Updated: Aug 22
Terroir - the combination of factors including soil, climate, and sunlight that gives wine grapes their distinctive character
Terroir is a French term derived from the Latin word terra meaning earth and is used to describe the environmental factors that affect the traits, characteristics and habits of an agricultural product. The word is often used when describing wine referring to the unique characteristics of a region and the effect they have on the complexity of the wine. Vintners and wine connoisseurs value terroir and appreciate the subtle distinctions in flavor and sense of place that a wine's terroir adds. The rest of us know that certain wines from certain regions are unique but seldom think about the effects of the environment on the wine we drink. Climate, soil composition, and topography all contribute to a wine’s unique personality.
Just like wine has terroir with grapes producing wine differing in flavor depending on where they’re grown, grain also tastes different depending on where it is sown. UNESCO describes terroir with a collective meaning describing it as a responsible alliance of man and his territory encompassed by know-how: production, culture, landscape and heritage.
Pastificio Felicetti’s Matt hard durum wheat is a terroir driven grain. Rich and resilient it is a product of its environment, at its best when farmed in the sunny fields of Apulia in southern Italy producing a pasta with the perfect balance of gluten and protein. It has a natural yellow color reminiscent of a sunny meadow, when cooked it has an aroma of freshly baked bread. Matt’s full potential is reached in the Italian Dolomites. Clear mountain water and the pure air complete the process perfected by the pasta makers at Pastificio Felicetti who has been producing pasta in the upper Val di Fiemme for four generations.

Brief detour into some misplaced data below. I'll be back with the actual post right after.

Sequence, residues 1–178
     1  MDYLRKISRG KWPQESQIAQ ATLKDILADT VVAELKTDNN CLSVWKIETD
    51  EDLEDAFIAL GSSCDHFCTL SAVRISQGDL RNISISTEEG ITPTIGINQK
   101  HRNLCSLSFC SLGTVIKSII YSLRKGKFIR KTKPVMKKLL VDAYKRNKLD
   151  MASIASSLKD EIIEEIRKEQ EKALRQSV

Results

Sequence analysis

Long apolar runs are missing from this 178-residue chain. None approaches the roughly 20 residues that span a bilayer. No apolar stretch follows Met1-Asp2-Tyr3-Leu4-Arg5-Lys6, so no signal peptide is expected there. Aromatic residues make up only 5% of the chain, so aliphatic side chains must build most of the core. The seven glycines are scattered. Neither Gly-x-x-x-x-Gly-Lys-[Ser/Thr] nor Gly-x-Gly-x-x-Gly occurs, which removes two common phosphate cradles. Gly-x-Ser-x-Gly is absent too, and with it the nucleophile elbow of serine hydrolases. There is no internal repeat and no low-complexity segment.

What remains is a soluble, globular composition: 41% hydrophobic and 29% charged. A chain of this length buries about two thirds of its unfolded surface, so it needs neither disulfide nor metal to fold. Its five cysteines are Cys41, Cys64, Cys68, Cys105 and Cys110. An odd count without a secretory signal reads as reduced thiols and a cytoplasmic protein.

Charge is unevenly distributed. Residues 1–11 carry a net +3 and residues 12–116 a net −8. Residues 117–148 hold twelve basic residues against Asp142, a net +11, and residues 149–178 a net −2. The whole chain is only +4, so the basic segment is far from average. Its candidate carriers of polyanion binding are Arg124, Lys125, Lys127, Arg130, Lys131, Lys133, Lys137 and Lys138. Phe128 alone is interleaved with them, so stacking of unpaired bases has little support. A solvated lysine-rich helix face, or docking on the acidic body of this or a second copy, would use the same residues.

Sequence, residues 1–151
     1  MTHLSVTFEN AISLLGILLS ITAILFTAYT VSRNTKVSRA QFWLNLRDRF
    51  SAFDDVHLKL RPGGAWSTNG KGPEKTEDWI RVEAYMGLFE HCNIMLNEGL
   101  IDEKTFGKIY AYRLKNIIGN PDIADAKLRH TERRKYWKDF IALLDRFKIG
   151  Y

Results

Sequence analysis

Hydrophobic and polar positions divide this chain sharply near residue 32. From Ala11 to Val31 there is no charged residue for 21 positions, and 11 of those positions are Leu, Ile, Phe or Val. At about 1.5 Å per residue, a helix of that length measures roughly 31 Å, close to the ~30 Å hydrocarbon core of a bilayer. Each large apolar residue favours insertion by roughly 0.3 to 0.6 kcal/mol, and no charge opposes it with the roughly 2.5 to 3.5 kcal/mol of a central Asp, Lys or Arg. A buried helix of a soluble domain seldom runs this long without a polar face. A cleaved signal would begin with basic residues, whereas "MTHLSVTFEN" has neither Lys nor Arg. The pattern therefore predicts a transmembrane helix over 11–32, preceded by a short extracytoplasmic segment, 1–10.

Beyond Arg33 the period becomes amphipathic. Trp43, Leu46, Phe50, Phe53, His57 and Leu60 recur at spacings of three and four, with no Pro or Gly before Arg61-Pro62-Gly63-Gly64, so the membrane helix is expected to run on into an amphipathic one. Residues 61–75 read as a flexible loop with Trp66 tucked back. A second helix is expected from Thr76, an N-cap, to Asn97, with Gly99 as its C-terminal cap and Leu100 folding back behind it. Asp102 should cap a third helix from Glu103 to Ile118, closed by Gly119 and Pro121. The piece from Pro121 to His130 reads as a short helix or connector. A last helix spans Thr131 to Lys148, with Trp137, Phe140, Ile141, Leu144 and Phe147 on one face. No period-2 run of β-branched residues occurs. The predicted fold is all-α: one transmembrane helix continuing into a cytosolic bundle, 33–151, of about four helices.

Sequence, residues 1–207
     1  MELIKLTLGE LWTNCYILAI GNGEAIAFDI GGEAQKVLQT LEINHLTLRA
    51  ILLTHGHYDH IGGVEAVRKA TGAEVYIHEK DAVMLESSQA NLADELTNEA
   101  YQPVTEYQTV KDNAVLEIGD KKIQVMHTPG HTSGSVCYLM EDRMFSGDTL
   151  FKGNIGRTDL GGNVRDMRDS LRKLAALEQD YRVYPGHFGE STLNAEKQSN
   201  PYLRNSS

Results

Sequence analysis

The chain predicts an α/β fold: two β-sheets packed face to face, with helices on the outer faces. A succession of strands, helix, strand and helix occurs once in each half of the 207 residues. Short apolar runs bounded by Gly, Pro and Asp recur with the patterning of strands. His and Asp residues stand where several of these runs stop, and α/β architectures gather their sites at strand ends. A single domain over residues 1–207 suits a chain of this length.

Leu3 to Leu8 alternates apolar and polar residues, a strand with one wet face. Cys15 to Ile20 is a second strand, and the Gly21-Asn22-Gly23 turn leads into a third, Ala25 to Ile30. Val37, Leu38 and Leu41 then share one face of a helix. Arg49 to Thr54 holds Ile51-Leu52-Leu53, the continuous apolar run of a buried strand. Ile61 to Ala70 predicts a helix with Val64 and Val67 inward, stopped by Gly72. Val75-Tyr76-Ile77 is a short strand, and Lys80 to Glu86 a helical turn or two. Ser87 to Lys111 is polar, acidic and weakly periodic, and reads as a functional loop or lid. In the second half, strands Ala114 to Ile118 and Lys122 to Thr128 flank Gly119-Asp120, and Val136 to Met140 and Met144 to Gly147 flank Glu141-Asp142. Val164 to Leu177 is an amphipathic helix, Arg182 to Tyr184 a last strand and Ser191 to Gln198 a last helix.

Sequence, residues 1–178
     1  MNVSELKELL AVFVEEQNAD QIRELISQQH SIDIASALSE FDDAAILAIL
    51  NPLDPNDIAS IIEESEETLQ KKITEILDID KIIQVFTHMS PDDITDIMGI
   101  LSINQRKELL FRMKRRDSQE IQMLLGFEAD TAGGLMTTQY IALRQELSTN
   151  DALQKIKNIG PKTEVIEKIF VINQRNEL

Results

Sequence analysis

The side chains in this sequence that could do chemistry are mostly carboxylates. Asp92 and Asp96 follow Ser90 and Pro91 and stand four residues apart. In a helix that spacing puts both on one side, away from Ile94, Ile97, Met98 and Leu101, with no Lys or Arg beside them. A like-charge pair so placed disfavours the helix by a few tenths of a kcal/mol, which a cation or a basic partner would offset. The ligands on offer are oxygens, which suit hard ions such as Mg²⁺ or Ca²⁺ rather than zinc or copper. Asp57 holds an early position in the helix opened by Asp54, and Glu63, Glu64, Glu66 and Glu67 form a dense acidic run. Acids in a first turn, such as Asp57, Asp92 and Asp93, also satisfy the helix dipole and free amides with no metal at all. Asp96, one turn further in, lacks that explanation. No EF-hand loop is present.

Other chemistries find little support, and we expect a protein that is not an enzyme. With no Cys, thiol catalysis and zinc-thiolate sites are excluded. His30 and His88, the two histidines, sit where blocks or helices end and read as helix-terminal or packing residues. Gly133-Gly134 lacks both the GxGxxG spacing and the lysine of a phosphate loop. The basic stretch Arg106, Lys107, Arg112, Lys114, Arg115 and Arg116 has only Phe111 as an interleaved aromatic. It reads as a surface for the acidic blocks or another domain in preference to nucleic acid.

Descriptions of terroir may vary. Ours is a broader more inclusive way of looking at the environmental factors that influence the character of the agricultural products that are brought to our tables. If we consider sustainably conscious companies like Pastificio Felicetti who draw on their heritage and the unique characteristics of the land to create a nutritional culture promoting health and well-being we can see how special Matt grain production is. Our choice is clear and important. Achieving a healthy and sustainable food future is a matter that depends on both the land (terroir) and a commitment to preserve and protect the authenticity and heritage of agriculture and regional food and it may just begin with something as simple as where you buy your pasta.